Ninite is a nifty piece of software – you go to Ninite.com, choose a bunch of applications that you want to install on your computer, get a single Ninite installer that fetches all the apps you’ve chosen and installs them for you without asking a single question.
Ninite also makes sure it nukes the toolbar crapware that comes with software installers. That’s why Ninite impresses people. It’s a beautiful product with a loyal fan base. If you’re a family tech support guy, you need to have it. If you’re an IT guy, you need to have it. Period.
What follows is an interview with Patrick Swieskowski, cofounder of Ninite. If you’ve been waiting for a Mac counterpart of Ninite for a long time, read on. If you want to know why Ninite Pro is priced at $20, read on. If you want to know what drives Ninite’s popularity, read on.
Q: You’re pretty much focussed on building the best automated installer out there, but a lot of people would like to know if you’re creating something like Ninite that automatically installs system drivers/uninstalls crapware. Do you have any plans on making such tools? (Credit to this question goes to our biggest fan, Gouthaman Karunakaran)
We’ve gotten a lot of requests for driver support, so that’s definitely something we’re considering. It’s a little tougher to make a driver product that will please a lot of people since driver needs vary so much from PC to PC while everyone uses the same set of core apps.
Uninstallation is also something we’re thinking about. Though it’s a lower priority since there seem to be some decent existing solutions for that right now like Revo Uninstaller or PC Decrapifier.
Q: You deliberately coded the application using C++ leveraging the Windows API (instead of using a cross platform framework or something of that kind). How important has this factor been behind Ninite’s success?
We think it’s really important for software to fit in with the native platform. Cross-platform toolkits or frameworks usually just come off as feeling weird. I do think that a big part of Ninite’s success has been that it “just works” right out of the box and looks and acts like people expect.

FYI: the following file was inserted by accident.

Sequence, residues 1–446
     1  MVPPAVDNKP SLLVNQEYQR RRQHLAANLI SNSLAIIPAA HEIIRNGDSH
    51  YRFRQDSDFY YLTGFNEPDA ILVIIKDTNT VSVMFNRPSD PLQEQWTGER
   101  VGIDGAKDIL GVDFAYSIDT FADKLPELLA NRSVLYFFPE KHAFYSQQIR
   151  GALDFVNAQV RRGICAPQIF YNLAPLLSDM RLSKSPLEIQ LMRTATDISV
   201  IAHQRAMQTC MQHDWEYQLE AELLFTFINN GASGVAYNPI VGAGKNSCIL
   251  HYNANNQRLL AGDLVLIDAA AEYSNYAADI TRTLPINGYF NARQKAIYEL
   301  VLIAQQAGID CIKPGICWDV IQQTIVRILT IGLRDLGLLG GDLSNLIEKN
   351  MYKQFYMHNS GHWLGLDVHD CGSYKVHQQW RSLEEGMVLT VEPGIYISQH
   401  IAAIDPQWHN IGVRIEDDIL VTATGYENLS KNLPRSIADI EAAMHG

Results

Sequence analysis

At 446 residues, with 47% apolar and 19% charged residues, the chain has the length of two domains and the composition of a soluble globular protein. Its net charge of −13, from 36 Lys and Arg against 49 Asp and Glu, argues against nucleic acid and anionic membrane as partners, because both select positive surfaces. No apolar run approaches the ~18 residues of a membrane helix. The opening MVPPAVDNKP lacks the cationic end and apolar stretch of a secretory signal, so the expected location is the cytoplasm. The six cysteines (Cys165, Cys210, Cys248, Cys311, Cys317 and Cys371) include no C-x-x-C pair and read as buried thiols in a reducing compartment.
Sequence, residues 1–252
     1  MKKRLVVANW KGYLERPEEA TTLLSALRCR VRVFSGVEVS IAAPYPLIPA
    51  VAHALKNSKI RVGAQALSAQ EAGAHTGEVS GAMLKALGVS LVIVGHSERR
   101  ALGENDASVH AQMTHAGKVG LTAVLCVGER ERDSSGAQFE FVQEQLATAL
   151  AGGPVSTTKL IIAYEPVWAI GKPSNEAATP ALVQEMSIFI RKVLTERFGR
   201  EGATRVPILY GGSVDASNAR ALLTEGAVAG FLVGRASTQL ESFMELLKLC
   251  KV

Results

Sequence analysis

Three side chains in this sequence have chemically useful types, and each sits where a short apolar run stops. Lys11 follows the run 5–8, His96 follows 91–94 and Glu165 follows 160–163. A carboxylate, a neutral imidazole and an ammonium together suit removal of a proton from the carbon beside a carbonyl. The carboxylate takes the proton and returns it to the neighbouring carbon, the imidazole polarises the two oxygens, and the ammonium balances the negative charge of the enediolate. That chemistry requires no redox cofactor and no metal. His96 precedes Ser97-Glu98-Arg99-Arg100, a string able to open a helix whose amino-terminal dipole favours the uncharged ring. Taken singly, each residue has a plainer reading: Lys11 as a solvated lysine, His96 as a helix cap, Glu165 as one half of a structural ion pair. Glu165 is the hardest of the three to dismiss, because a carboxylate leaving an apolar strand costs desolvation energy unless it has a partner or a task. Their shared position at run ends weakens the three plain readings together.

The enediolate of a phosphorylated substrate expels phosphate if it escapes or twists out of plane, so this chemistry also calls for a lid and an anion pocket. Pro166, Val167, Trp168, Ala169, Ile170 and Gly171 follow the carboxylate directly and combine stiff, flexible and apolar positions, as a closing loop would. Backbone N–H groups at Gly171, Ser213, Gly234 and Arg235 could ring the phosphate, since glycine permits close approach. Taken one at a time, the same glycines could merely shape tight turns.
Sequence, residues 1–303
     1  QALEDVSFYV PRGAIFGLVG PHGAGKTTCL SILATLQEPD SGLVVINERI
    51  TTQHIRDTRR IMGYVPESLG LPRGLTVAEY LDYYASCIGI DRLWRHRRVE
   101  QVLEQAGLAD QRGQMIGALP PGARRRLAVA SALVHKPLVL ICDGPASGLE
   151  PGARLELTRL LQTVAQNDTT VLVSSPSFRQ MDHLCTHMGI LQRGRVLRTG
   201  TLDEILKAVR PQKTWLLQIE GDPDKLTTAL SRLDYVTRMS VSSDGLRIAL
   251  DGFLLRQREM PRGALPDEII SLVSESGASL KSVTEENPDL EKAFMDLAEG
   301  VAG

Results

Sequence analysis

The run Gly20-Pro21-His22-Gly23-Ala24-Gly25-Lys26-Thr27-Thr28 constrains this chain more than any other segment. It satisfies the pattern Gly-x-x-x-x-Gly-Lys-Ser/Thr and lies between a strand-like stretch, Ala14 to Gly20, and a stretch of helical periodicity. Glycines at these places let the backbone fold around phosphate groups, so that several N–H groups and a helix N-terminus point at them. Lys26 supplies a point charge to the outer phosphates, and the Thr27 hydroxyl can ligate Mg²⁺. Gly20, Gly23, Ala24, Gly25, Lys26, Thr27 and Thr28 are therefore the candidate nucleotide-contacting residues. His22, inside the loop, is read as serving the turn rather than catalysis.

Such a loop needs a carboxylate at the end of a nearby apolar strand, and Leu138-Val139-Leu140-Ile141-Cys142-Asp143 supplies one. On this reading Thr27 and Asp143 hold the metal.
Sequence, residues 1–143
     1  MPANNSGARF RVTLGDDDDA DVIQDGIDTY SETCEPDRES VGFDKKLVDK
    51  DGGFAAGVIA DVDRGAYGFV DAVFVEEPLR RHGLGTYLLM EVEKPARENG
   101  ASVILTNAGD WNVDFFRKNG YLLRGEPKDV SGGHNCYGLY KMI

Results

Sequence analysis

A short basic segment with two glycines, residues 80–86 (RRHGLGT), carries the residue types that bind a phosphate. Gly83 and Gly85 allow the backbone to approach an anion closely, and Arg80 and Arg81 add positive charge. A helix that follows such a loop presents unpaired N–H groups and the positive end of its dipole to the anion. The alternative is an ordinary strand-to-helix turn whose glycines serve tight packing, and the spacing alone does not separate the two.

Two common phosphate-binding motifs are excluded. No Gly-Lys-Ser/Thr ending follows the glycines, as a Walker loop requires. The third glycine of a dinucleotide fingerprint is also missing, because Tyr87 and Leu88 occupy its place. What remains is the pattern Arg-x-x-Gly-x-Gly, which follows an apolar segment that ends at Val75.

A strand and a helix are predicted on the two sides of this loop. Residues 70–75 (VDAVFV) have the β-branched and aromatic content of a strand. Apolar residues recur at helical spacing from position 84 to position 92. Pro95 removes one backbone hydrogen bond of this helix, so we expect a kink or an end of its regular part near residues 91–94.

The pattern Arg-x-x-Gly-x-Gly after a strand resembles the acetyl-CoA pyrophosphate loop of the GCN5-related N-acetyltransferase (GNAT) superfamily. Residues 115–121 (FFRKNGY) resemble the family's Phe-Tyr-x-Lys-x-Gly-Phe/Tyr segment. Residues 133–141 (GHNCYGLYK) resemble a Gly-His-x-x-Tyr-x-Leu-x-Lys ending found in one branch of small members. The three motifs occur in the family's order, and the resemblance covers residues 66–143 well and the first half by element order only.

Q: How did you guys come up with the $20 price for Ninite Pro? How do you justify the pricing to someone who emails you saying it’s overpriced?
We thought $20 sounded fair and would be easy to justify based on the time that businesses save with Ninite. We’ve had users write in about saving hundreds of hours with Ninite Pro. It really makes their workflow incredibly efficient.
Our pricing is actually too low now and we’ll likely be raising it soon. Existing customers will continue to have their $20/month unlimited accounts though. The gains Pro users get by automating software management are incredible.
Q: I can see that Ninite is pretty simple and there’s not much feature creep. When you have an idea for a new Ninite feature, how do you decide if you really should make the addition or not?
Feature development is guided by requests from users. Lately a lot of the stuff we’ve been adding has been for the Pro product as we hear about ways people are integrating it with other remote management tools or deploying it within their organizations.
Some of these deployments may be awkward at first, but we like to look for features to add that can simplify them and make Ninite Pro more useful in more enterprise and business situations. Basically, we add things that make the product demonstrably better and will be useful to large numbers of users.
Q: Ninite bundled with new PCs will be amazingly useful. Have you ever approached computer manufacturers with that idea?
Definitely! People love using Ninite to set up new PCs, although we’re also a great site for day-to-day downloads. We’ve had some talks with PC vendors, but large companies proceed with things like this extremely slowly.
Q: What has been the biggest driver of Ninite downloads? Organic search? Word of mouth, or?
Word of mouth. Marketing Ninite is actually tricky because there’s no term for what we do. It’s something people don’t even think is possible. Software installation has just been so crappy for so long, people just assume it’s going to suck. The first reaction to Ninite is frequently amazement. We get a fair amount of traffic from search, but the queries are all just for “Ninite”.
Q: I’ve read somewhere that you have gone to the extent of simulating clicks to avoid the toolbar crapware that comes bundled with installers. Did that seem like some sort of grunt work to you? What have been those low points during the course of building Ninite?
Maintaining the catalog is definitely a chore, but we’re incredibly serious about keeping everything up-to-date and working. This is one of the reasons we only include the best apps in Ninite. The selection is manageable enough that we can always guarantee that everything works great.
There haven’t been many real low points with Ninite so far. Sometimes we’ll make a big improvement in our sales funnel, or find a way to make the installer work much better and the stuff we were doing in the past will look silly in retrospect. That’s about as close to a low point as we’ve gotten lately.
Having users who fanatically love the product makes it a real pleasure to work on.
Q: If you could go back in time and do one thing better when you started out what would it be?
We should have started selling the Pro product sooner. Business grows exponentially at first and being a few months ahead in that lifecycle would be pretty awesome.
Q: And finally, is a Mac version of Ninite in the making? (Credit to this question goes to Abhijeet)
Yes, we’re working on it. We’ve seen a lot of demand for it and I think it’s going to be really exciting when we release it.
Killer Tech Tips would like to thank Patrick for agreeing to do this interview. We’re all big fans of Ninite here!